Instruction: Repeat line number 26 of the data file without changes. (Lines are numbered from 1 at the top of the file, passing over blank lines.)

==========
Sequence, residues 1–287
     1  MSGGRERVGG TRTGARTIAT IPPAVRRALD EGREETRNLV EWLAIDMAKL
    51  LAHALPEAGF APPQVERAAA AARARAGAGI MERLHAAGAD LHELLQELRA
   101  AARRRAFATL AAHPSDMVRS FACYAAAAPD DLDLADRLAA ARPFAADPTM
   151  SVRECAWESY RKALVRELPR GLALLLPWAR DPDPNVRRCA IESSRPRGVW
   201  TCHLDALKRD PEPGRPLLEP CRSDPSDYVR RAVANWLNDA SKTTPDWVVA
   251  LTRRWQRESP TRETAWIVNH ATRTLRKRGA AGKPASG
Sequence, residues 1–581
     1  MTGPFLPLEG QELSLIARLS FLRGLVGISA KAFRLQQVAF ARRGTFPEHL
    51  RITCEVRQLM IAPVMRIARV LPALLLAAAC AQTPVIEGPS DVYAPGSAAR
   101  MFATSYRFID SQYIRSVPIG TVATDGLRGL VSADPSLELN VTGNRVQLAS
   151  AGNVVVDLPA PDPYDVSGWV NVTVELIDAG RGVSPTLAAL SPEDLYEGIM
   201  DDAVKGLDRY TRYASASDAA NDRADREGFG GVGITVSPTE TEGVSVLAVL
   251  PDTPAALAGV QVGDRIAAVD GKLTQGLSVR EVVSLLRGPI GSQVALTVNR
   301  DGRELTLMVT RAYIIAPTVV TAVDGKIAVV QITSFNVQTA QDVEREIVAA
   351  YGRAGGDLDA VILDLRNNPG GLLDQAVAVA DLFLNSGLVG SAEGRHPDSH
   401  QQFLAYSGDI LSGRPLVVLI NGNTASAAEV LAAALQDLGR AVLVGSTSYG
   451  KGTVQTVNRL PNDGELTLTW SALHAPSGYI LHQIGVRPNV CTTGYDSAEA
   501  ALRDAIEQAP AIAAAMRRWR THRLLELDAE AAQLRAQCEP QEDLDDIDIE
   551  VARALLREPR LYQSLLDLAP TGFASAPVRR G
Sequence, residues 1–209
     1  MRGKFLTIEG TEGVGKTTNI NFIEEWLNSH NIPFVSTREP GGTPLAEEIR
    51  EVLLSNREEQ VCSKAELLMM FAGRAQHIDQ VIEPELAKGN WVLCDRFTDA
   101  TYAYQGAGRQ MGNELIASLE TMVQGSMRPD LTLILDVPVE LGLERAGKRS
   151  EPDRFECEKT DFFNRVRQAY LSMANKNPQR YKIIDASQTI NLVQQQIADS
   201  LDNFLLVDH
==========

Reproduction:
   201  LDNFLLVDH